[THE QUEEN OF SPAIN screens Saturday September 1st at 7:00 pm at the Cleveland Cinematheque.]
Review by Bob Ignizio
A mix of cinematic nostalgia, farcical comedy, and political intrigue, Fernando Trueba’s THE QUEEN OF SPAIN never really congeals into a satisfying whole. The main plot concerns glamorous Spanish actress Macarena Granada (Penelope Cruz) returning to her home country after becoming a star in America only to find that her presumed dead lover Blas Fontiveros (Antonio Resines) is alive. Blas gets a job on the film Macarena is starring in, a biopic about Spain’s Queen Isabella, but quickly runs afoul of his ex-wife’s new beau, an officer in the Franco regime.
Blas is sent off to do hard labor, and at the urging of his ex-wife, Macarena goes to visit him. As it becomes increasingly apparent that someone wants Blas not just imprisoned, but dead, Macarena hatches a plot with the cast and crew of the film to help Blas escape.
Around this main storyline, various other minor diversions swirl and intersect. Macarena falls for a young head grip (Chino Darin), the film’s prestigious director (Clive Revill) turns out to be a washed up drunk, forcing the uncredited screenwriter (Mandy Patinkin) to take over, and various cast and crew members engage in romantic escapades.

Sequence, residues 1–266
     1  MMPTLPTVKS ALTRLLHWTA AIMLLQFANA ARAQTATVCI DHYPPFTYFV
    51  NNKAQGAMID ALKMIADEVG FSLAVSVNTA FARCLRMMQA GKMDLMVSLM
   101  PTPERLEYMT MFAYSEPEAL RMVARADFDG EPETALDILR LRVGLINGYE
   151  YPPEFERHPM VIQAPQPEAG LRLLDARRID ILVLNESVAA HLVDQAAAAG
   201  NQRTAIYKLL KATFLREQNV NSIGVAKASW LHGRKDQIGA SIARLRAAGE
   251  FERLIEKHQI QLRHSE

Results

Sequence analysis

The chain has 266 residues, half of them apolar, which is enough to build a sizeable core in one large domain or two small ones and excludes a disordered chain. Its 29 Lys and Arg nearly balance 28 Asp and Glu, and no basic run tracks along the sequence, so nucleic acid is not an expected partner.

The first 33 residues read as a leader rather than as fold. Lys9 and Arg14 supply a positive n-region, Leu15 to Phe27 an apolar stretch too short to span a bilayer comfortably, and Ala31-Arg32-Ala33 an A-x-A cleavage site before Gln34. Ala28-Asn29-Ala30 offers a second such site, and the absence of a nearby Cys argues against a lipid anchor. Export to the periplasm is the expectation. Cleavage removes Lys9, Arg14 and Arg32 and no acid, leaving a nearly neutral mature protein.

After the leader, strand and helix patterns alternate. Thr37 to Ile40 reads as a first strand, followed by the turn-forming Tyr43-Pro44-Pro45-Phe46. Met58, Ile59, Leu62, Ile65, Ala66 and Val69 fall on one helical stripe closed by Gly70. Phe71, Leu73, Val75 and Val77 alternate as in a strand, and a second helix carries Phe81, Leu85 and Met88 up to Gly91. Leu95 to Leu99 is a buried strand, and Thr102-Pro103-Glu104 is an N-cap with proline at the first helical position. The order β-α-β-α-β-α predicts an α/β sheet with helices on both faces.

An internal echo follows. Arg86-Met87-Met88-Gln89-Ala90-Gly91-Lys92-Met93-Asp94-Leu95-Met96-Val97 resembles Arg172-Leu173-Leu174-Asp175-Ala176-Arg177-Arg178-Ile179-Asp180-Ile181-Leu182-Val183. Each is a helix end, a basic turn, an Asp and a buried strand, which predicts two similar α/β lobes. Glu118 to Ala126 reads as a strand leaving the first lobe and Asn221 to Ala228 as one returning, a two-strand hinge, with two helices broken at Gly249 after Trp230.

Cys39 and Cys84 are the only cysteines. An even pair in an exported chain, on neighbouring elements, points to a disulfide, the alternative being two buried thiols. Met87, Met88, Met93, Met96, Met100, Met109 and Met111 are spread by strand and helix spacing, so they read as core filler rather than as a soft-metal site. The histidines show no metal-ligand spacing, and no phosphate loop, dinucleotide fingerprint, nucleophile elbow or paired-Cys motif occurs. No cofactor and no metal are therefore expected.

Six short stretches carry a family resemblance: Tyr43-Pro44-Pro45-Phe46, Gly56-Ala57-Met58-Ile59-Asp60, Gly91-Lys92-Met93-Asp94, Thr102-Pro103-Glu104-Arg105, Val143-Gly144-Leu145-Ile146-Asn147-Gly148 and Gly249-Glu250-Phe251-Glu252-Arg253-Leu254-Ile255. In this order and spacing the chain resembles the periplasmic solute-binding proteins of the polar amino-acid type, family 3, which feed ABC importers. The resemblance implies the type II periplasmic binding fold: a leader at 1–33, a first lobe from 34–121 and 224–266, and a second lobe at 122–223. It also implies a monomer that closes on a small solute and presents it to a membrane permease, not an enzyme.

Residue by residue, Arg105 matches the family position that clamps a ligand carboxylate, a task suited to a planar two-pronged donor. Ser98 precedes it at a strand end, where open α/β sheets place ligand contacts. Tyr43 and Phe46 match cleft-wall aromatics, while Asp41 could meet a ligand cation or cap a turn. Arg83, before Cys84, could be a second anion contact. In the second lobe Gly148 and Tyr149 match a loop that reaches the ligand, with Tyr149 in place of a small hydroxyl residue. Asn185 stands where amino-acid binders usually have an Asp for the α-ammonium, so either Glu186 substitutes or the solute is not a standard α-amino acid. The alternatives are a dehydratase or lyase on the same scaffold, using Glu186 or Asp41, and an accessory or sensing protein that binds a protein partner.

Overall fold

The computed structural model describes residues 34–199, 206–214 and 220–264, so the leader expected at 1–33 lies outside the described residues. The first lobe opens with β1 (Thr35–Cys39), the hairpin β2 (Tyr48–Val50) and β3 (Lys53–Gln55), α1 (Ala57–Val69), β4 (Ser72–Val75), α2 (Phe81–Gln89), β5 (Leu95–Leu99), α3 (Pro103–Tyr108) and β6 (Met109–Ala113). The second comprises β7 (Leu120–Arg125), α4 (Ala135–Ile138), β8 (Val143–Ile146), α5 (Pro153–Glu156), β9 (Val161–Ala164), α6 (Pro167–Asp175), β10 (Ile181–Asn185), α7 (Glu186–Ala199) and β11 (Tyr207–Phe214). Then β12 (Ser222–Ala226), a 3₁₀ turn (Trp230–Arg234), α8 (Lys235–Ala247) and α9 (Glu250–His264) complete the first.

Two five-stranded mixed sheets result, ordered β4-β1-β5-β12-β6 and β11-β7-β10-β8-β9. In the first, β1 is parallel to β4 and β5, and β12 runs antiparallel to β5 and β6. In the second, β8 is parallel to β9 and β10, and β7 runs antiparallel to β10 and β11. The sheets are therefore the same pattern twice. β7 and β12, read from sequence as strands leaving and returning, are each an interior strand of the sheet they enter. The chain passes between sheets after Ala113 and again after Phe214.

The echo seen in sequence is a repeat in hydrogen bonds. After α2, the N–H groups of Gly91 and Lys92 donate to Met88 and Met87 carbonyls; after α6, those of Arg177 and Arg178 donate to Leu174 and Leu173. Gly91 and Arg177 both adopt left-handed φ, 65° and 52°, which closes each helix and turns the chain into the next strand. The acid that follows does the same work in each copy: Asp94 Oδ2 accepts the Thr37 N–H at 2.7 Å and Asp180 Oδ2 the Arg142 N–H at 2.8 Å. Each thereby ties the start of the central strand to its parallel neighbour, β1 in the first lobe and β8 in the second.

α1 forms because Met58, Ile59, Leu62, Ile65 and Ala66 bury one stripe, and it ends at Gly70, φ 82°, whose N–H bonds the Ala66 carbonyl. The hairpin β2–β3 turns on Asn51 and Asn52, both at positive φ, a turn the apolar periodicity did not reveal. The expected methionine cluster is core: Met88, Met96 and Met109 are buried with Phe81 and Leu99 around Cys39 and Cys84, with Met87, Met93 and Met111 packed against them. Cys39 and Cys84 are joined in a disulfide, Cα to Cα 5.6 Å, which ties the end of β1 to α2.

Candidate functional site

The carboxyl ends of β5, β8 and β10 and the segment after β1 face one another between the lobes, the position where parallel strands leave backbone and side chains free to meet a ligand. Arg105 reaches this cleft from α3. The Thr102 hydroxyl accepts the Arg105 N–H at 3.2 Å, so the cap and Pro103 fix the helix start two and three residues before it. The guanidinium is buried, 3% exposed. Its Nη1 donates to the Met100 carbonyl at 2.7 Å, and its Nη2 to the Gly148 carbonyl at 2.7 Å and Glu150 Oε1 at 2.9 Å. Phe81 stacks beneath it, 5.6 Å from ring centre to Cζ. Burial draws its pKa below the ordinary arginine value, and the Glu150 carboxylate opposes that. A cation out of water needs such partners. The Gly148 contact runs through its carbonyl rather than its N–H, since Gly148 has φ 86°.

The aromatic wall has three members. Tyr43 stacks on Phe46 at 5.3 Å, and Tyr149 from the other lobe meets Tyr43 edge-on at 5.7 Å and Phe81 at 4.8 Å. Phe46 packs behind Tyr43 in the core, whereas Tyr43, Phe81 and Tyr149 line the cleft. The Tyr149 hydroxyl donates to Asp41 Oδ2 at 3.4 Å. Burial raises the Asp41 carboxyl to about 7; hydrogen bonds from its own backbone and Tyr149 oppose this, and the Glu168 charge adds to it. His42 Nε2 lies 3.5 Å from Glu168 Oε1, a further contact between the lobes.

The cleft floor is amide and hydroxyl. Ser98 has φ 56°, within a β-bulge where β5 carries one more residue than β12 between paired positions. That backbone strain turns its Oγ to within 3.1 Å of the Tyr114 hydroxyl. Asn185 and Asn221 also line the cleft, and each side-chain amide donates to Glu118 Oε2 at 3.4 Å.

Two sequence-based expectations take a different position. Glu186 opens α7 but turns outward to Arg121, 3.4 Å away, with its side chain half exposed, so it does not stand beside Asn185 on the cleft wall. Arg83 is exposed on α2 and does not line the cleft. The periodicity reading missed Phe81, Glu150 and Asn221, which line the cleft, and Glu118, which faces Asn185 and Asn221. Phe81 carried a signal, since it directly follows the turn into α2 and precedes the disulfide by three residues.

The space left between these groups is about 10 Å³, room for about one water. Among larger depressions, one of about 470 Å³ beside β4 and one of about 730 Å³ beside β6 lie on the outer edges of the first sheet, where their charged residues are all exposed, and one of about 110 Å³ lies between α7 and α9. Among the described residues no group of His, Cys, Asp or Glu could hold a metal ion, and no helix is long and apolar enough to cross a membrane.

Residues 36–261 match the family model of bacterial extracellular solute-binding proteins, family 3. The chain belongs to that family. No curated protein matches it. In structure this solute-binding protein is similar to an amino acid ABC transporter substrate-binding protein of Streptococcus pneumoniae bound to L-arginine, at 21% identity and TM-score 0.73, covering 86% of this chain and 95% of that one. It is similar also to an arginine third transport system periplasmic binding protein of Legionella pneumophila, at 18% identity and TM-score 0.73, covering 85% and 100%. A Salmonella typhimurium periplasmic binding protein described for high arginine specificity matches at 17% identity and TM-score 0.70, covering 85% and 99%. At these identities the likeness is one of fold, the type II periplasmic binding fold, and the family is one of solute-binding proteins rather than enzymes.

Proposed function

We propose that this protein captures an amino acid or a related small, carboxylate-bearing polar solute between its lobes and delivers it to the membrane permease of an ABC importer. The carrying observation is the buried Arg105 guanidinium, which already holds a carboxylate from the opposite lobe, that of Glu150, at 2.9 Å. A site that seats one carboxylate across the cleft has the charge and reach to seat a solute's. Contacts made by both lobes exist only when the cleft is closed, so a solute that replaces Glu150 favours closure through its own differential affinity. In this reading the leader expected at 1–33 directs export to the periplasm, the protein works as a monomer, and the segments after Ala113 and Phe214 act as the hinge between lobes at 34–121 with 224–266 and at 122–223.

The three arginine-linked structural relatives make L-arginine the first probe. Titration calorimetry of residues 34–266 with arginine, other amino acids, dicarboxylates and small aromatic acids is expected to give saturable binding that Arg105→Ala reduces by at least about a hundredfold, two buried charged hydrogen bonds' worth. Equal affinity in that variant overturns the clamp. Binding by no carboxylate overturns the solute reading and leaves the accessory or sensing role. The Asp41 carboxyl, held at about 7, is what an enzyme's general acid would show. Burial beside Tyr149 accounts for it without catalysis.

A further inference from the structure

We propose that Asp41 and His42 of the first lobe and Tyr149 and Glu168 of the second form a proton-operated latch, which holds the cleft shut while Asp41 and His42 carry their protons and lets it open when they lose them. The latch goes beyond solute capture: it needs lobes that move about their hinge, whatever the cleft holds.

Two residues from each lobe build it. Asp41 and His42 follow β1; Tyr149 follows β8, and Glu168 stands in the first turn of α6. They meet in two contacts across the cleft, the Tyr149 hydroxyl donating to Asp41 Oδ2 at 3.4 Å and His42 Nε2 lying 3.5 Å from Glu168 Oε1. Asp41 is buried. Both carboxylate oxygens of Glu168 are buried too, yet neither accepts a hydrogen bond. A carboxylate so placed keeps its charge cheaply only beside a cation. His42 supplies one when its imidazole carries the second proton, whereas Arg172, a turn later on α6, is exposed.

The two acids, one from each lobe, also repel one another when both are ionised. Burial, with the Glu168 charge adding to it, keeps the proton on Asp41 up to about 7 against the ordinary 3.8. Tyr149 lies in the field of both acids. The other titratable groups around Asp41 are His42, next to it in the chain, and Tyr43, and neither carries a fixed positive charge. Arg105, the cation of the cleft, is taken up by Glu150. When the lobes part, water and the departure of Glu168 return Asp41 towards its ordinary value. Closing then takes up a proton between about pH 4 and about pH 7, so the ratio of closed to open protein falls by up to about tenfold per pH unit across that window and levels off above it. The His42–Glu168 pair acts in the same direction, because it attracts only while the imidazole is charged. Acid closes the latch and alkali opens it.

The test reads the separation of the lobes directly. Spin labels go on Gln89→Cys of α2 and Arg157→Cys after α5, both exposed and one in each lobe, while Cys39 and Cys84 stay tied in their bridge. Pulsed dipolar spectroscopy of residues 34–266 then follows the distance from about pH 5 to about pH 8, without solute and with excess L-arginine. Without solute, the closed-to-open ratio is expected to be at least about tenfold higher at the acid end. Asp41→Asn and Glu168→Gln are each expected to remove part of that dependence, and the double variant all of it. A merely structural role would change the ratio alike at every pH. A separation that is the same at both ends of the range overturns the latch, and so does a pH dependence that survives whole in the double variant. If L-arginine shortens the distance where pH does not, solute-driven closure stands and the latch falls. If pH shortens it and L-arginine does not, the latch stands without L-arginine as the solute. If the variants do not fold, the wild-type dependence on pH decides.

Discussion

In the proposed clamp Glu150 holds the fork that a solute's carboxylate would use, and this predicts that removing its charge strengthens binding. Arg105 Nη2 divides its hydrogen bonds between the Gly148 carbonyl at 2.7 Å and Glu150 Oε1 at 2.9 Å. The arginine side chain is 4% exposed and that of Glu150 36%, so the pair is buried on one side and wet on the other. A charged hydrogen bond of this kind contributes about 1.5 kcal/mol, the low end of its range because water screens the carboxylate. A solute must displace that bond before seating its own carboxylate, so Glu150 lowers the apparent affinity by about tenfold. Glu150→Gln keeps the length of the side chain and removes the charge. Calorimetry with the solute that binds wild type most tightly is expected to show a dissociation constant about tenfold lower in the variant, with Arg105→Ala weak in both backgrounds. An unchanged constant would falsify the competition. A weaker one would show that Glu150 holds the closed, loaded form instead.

There are pleasures to be found in QUEEN OF SPAIN. Ms. Cruz exudes considerable charisma and star power in her role. Film buffs will likely enjoy some of the behind the scenes minutiae. And given that the dictatorial Franco regime has to some degree faded from memory, and the fact that Spanish filmmakers couldn't exactly comment directly on it during his reign, this makes for a useful historical document and reminder. Unfortunately, Trueba tries to pack way too much into his film, to the point that the focus gets lost at times, and the main story never really grabs hold.
It bears mentioning that this is a sequel to Trueba’s 1999 film THE GIRL OF YOUR DREAMS, a highly regarded film which this reviewer has not seen. For what it’s worth, at least it never feels as if one is lost not having seen the prior work. That said, if you saw and enjoyed DREAMS and wondered what the characters got up to next, you might get a little more out of this follow-up. On it’s own terms, it’s merely okay. 2 out of 4 stars.